When we assign an integer value to an Integer object, the value is autoboxed into an Integer object. For example the statement “Integer x = 10” creates an object ‘x’ with value 10.
Following are some interesting output questions based on comparison of Autoboxed Integer objects.
Predict the output of following Java Program
Since x and y refer to different objects, we get the output as “Not Same”
The output of following program is a surprise from Java.
In Java, values from -128 to 127 are cached, so the same objects are returned. The implementation of valueOf() uses cached objects if the value is between -128 to 127.
If we explicitly create Integer objects using new operator, we get the output as “Not Same”. See the following Java program. In the following program, valueOf() is not used.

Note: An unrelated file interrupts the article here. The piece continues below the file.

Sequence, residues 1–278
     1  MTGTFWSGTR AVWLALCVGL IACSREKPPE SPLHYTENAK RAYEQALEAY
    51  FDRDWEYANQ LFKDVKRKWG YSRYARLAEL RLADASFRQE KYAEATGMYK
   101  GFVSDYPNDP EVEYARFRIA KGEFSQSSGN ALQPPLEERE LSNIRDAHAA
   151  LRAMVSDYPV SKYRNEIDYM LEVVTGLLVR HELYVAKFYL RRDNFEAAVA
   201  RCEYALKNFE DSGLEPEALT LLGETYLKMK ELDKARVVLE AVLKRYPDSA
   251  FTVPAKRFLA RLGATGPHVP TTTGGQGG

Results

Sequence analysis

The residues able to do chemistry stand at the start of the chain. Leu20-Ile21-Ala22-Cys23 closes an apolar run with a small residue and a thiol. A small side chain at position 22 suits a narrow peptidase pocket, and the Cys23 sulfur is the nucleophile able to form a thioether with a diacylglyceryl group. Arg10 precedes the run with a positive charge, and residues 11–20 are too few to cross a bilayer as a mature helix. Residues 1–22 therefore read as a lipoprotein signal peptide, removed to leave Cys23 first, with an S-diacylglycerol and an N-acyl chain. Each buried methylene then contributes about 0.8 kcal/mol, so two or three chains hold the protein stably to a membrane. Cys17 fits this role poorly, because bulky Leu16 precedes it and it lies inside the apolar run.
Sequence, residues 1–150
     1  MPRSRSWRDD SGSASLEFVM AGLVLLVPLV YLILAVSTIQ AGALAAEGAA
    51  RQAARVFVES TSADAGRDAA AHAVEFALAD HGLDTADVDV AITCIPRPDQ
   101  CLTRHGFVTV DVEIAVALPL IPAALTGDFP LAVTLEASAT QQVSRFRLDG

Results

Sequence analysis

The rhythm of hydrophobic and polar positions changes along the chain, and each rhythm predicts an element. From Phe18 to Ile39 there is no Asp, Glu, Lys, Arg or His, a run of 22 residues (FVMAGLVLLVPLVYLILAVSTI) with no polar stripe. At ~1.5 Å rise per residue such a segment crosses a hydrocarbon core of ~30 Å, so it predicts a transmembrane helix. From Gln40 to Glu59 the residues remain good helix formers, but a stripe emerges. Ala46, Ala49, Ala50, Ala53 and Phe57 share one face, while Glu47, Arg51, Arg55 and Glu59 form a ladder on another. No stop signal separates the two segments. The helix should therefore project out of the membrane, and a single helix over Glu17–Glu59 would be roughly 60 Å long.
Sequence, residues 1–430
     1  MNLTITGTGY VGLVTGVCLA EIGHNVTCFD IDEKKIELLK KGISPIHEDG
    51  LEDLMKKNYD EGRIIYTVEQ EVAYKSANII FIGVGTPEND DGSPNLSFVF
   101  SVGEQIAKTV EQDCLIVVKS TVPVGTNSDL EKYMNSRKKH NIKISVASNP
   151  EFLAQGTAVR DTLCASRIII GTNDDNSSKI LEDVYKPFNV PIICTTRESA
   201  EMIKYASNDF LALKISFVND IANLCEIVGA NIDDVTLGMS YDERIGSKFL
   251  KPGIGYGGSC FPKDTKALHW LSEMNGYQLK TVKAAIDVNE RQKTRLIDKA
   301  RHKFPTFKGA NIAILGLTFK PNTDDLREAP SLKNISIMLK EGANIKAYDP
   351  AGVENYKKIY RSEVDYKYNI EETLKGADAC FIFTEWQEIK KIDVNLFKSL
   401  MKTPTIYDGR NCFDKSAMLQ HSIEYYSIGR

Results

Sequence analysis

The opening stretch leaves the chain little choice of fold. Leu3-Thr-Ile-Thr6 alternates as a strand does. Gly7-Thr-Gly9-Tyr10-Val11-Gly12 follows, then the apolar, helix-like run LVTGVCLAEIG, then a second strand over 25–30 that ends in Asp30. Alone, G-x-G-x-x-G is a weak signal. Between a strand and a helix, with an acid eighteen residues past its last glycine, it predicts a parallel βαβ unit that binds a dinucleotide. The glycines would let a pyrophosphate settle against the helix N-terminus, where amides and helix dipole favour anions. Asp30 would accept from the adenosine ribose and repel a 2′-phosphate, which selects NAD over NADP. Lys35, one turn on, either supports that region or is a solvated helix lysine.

Predict the output of the following program. This example is contributed by Bishal Dubey.
Explanation: Two objects will be created here. First object which is pointed by X due to calling of new operator and second object will be created because of Auto-boxing.
This article is compiled by Abhay Rathi. Please write comments if you find anything incorrect, or you want to share more information about the topic discussed above.
- Java.util.BitSet class methods in Java with Examples | Set 2
- Shadowing of static functions in Java
- How does default virtual behavior differ in C++ and Java ?
- How are Java objects stored in memory?
- How are parameters passed in Java?
- Are static local variables allowed in Java?
- final variables in Java
- Default constructor in Java
- Assigning values to static final variables in Java
- Comparison of Exception Handling in C++ and Java
- Does Java support goto?
- Arrays in Java
- Inheritance and constructors in Java
- More restrictive access to a derived class method in Java
- Comparison of static keyword in C++ and Java